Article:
We are not having a good summer at the movie theater. The few original concepts we’ve seen (Mike and Dave Need Wedding Dates, Bad Moms) have generally disappointed, while the slew of sequels and reboots (Star Trek Beyond, Jason Bourne, X-Men: Apocalypse, Suicide Squad, etc., etc., etc.) haven’t lived up to the high bar set by Captain America: Civil War earlier in the year.
What is our staff supposed to do, go outside? Forget that. Instead, we took a nostalgic look at summers past, trying to answer a simple question: What was the best year for summer movies?
1980 — ‘The Empire Strikes Back,’ ‘The Blues Brothers,’ and ‘The Shining’
Kate Knibbs: The One True Great American Movie Summer needs to check certain boxes. It needs a killer installment of a beloved franchise. It needs a genuinely funny comedy blockbuster. It needs a scary movie that is actually scary.
It’s rare to find a summer that fulfills those requirements, and rarer to find a summer that exceeds them like the summer of 1980 did. For your consideration: The Empire Strikes Back kicked off the 1980 summer blockbuster season in earnest. The Empire Strikes Back!!! It’s not just a solid franchise hit — it’s the finest Star Wars entry.
For comedy, The Blues Brothers came out that June. The Blues Brothers is the best Chicago movie ever, and it’s a berserk, incredibly weird film that’s somehow bleak, sleazy, and exuberant at once. And guess what came out a month after The Blues Brothers? Freaking Caddyshack. Every day Judd Apatow wakes up, opens his closet, and butterfly kisses a full-length poster of Harold Ramis — and it’s because Caddyshack is the blueprint, the OG shaggy-slacker comedy sleeper hit. (Airplane! also came out, but to be honest, Airplane! sucks and we don’t need to discuss it.)
I haven’t even touched the scary stuff yet. In addition to Brian De Palma’s disturbing Dressed to Kill, THE SHINING WAS OUT IN THE SUMMER OF 1980. The Shining isn’t just one of the greatest horror movies ever. It’s one of the greatest movies ever. Remember those twins?? The blood elevator? The aesthetically pleasing carpeting!? Any summer that The Shining came out is the greatest movie summer by default. It’s not even close.
1989 — ‘Honey, I Shrunk the Kids,’ ‘Do the Right Thing,’ and ‘Dead Poets Society’
Katie Baker: There shouldn’t be much more that needs to be said beyond “the Summer of Rick Moranis” to convince you that the dog days of 1989 (Ghostbusters II, Parenthood, and most importantly, Honey, I Shrunk the Kids) featured a holy cinematic trinity, indeed. But why risk overlooking poor Knox Overstreet; poor choices; a moaning Meg Ryan; the best Batman; peak Spike; a chill deadbro; and that movie my dad really liked? I’ll leave you with this: For Star Trek V: The Final Frontier, which was marketed with an “MS-DOS computer game, part of an increasing trend of game tie-ins to movies.” Stay cool!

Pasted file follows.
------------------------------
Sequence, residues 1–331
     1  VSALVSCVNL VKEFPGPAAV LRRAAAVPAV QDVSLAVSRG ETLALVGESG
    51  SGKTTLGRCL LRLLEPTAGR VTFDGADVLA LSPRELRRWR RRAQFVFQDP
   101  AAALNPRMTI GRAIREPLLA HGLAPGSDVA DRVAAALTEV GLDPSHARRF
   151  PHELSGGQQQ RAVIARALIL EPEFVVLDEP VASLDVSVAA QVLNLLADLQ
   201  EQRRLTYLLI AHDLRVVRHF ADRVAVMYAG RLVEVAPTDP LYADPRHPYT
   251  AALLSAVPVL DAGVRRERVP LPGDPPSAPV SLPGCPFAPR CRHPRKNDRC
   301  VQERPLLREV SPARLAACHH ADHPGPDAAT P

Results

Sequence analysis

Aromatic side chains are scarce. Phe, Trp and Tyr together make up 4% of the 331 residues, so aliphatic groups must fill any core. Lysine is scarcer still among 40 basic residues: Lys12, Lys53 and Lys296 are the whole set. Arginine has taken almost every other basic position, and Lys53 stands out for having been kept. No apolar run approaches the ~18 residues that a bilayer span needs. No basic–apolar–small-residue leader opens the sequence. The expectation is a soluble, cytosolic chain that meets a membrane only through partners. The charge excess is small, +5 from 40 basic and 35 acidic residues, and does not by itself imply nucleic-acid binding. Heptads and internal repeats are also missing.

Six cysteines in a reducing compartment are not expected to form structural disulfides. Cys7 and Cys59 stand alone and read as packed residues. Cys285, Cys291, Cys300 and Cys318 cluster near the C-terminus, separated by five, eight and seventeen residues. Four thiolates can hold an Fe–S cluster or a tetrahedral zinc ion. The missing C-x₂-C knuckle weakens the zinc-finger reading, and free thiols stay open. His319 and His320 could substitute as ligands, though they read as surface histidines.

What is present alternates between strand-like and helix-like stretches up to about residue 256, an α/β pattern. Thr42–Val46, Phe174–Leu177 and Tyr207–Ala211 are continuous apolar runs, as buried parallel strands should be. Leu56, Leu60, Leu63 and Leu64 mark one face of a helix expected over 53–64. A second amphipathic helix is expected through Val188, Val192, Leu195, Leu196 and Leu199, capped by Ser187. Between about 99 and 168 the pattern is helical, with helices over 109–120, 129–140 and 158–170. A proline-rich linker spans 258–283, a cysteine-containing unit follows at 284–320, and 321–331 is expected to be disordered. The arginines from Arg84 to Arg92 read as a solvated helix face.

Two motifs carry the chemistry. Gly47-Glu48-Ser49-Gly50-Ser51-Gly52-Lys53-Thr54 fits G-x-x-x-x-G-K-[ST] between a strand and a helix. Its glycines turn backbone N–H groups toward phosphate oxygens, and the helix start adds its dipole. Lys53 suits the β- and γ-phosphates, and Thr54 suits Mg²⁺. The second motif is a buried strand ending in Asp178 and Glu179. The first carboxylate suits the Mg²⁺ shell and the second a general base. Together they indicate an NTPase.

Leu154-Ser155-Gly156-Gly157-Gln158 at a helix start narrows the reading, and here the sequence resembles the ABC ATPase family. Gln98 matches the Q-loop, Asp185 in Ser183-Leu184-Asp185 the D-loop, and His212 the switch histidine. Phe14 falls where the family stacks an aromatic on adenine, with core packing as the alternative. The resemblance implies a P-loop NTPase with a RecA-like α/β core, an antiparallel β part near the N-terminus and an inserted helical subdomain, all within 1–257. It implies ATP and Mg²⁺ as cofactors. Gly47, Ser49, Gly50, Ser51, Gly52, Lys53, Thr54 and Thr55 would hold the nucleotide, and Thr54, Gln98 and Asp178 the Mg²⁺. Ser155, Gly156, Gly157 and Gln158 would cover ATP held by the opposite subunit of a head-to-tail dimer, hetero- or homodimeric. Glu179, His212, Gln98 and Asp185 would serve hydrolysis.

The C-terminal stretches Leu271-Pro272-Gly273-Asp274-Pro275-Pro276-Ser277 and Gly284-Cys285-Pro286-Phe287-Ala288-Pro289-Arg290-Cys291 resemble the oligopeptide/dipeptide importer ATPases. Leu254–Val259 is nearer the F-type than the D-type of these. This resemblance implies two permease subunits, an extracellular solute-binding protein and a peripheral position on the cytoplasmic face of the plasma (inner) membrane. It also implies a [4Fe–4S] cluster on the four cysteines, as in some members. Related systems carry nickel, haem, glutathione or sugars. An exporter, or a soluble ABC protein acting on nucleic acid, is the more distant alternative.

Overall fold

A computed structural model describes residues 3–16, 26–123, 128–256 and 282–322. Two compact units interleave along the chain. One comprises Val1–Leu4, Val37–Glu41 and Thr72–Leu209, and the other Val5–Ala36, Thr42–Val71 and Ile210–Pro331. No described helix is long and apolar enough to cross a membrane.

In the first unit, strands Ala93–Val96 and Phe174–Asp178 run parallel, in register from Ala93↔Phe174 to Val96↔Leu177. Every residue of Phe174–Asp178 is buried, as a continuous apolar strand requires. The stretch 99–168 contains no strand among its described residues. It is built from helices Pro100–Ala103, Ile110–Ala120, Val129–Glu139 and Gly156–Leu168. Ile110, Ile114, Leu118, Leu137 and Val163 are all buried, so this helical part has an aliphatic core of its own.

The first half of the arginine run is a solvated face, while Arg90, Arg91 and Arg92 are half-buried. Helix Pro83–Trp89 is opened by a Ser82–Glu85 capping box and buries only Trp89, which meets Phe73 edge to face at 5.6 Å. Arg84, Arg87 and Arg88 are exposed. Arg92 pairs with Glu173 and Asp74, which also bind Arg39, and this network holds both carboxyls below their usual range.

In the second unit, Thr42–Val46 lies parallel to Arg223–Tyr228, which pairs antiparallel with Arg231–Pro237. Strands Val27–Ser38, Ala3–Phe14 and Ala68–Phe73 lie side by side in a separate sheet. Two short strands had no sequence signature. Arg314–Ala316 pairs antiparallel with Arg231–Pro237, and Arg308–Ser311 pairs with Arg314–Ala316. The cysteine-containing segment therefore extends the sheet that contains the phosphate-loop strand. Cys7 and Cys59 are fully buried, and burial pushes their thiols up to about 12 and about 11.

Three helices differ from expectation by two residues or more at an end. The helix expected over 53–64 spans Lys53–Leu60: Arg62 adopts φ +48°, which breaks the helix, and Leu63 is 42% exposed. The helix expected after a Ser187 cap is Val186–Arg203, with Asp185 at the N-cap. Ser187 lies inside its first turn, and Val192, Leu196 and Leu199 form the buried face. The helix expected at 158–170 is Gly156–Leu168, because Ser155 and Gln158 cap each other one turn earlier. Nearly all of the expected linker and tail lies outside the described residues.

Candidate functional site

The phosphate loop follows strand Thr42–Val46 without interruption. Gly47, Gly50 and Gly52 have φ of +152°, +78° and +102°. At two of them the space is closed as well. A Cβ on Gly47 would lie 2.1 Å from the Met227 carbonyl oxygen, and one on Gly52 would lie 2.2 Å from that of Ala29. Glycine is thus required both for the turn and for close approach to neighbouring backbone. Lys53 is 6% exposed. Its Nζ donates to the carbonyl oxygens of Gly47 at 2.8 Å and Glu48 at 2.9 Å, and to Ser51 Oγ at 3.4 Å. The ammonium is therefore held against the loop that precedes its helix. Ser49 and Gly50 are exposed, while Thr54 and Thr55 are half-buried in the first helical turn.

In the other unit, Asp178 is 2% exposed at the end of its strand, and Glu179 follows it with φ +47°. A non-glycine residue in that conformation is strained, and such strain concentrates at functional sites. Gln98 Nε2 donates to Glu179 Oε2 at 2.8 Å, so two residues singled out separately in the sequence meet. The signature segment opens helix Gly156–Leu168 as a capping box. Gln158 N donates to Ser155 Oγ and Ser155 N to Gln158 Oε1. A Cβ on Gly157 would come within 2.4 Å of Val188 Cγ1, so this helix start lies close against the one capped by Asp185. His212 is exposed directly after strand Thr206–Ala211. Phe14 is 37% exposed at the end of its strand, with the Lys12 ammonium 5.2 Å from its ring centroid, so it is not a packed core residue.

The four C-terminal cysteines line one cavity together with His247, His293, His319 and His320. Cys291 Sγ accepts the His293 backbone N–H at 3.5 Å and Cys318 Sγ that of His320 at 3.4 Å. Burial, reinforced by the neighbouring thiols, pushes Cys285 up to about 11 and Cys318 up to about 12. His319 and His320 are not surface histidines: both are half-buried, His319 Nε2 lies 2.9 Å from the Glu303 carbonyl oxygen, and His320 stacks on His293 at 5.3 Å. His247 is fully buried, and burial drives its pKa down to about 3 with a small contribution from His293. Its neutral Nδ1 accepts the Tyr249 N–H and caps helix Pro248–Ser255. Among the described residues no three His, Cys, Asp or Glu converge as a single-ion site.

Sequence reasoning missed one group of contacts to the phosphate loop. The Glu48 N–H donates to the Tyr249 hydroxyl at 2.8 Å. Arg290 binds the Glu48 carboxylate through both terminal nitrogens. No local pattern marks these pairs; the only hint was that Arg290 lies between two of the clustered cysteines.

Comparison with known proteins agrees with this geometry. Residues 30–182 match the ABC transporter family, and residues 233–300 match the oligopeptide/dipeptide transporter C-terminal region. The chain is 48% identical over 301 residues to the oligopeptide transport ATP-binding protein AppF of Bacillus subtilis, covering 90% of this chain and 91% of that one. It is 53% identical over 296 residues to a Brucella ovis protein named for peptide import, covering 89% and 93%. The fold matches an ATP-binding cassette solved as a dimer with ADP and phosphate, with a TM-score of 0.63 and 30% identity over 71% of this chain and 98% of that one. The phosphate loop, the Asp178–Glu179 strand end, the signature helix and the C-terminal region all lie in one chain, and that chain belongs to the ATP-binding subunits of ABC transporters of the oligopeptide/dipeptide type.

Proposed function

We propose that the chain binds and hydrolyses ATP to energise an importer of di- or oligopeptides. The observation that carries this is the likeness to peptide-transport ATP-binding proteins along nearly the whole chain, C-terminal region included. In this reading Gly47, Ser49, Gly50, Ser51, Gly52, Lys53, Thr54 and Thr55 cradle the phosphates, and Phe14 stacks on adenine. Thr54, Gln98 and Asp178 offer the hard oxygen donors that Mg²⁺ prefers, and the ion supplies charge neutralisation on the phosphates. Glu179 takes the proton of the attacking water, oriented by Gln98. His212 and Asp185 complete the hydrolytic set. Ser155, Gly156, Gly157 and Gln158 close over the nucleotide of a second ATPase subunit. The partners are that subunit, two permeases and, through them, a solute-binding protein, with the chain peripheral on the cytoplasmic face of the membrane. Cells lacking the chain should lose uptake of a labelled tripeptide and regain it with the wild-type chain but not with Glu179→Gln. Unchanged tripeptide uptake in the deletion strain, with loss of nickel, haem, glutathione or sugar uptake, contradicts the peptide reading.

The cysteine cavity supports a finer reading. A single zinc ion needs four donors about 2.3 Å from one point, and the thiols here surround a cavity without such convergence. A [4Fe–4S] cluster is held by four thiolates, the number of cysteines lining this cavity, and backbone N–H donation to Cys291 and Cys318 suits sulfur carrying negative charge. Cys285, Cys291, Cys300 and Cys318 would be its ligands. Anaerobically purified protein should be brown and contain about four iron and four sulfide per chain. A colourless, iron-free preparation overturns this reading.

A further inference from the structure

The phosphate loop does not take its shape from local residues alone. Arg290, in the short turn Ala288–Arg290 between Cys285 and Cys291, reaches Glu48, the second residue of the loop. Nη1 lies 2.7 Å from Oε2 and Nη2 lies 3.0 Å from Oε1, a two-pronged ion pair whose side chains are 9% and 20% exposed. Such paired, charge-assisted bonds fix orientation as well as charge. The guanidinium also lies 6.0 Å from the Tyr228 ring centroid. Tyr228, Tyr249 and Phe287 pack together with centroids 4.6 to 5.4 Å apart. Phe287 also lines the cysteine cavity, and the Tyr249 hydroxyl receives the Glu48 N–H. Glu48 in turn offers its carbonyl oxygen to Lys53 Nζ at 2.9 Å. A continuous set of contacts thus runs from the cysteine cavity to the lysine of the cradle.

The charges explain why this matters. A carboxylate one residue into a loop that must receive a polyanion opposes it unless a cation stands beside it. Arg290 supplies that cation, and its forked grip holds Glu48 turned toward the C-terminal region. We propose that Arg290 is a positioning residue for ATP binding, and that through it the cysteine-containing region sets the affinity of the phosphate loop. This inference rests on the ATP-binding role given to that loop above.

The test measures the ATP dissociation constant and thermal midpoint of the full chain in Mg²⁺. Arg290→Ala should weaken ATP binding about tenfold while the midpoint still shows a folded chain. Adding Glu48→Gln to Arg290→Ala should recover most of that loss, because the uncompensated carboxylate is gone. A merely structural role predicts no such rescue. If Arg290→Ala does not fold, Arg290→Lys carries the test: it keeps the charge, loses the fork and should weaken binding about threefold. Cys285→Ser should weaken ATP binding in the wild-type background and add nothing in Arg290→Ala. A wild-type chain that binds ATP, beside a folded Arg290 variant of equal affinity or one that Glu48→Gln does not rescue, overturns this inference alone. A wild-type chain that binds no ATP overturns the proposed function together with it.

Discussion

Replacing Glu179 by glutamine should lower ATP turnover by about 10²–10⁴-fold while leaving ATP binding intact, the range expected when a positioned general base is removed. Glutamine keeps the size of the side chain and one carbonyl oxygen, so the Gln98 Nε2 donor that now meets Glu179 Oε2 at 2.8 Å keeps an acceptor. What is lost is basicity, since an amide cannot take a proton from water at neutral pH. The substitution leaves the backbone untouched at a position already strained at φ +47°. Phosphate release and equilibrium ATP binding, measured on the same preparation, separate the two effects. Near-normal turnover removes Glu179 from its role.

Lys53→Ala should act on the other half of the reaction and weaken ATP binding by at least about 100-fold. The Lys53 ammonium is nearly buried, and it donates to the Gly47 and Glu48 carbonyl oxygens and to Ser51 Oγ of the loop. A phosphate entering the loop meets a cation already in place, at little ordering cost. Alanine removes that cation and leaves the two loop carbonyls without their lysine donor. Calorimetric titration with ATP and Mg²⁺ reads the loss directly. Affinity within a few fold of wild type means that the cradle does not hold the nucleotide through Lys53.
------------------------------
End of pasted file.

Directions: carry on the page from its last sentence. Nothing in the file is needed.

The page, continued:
1993 — ‘The Fugitive’ and ‘In the Line of Fire’
Donnie Kwak: Some of you may recall ’93 as the summer of Jurassic Park, but my movie memories from that season feature a couple of other dinosaurs: Tommy Lee Jones and Clint Eastwood. At the time, I was working at the (now-closed) Olney 9 Cinemas in Maryland — selling concessions, tearing tickets, and mostly, thanklessly, sweeping up empty aisles. The usher job did have one perk, however: To kill time between cleanings, I’d slink into the back of a theater, broom and dustpan in hand, to catch bits of movies that I had already seen. And inevitably that summer, I’d walk into either The Fugitive or In the Line of Fire.
Both movies feature classic cat-and-mouse chases with grizzled, highly quotable lawmen (U.S. deputy marshal Jones and Secret Service agent Eastwood, respectively) tracking down elusive, middle-aged targets (a sympathetic Harrison Ford, a lunatic John Malkovich). These are quintessential “pick up and go” films that throw you headlong into their pursuits with little need for exposition or origin stories. Within the first 10 minutes of either film, you’ll gather all you need to know. Chaser. Chasee. Pass the popcorn (but try not to spill it).
My favorite scene from any movie that summer is one from In the Line of Fire, roughly 80 minutes in. In fact, I know exactly when, because I’d time my secret entrance into the theater just to watch it. Eastwood is talking on the phone to an increasingly unhinged Malkovich.
Malkovich: “I have a rendezvous with death. And so does the president. And so do you, Frank, if you get too close to me.”
Eastwood: “You have a rendezvous with my ass motherFUCKER!”
Malkovich: “Frank — do you know how easily I could kill you, Frank? Do you know how many times I’ve watched you go in and out of that apartment? You are alive because I have allowed you to live, so you show me some GODDAMN RESPECT!”
No velociraptor was as entertaining as that.
1996 — ‘Independence Day’
K. Austin Collins: Is it weird that this question feels inherently personal? We’re a hopelessly biased species. You can rely on your current taste, or historical influence, or box office figures, I guess, but those don’t really get at the question. The best year for summer movies is whatever year you had the best time going to summer movies, no?
The first time I felt that hunger for a summer movie was in 1996. So you know what? There’s my answer. 1996. I know this was the year because of a line in a trailer: “Enjoy the Super Bowl. It may be your last.” Independence Day is the first movie I remember practically pissing my pants with anticipation to see. I’m sorry, what? You’re blowing up the White House? I bought a Puzz 3D of the Empire State Building just to pretend, up close, that it was being mowed down by Roland Emmerich’s tentacled space divas. (In my mind, they were space divas, swinging their heads to-and-fro like stoned folk singers, just to see their tentacles move. I was a weird kid.)